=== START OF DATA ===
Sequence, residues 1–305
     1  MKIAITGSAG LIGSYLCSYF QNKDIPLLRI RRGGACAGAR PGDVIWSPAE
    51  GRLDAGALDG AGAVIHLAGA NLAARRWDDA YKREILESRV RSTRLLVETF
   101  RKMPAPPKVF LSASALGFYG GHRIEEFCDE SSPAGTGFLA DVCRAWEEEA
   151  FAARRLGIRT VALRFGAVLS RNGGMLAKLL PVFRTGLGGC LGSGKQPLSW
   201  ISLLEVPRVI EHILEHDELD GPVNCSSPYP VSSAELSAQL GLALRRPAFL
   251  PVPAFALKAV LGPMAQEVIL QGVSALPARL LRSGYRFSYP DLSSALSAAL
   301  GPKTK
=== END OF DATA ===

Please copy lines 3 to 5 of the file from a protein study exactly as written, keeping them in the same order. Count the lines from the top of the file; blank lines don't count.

    51  GRLDAGALDG AGAVIHLAGA NLAARRWDDA YKREILESRV RSTRLLVETF
   101  RKMPAPPKVF LSASALGFYG GHRIEEFCDE SSPAGTGFLA DVCRAWEEEA
   151  FAARRLGIRT VALRFGAVLS RNGGMLAKLL PVFRTGLGGC LGSGKQPLSW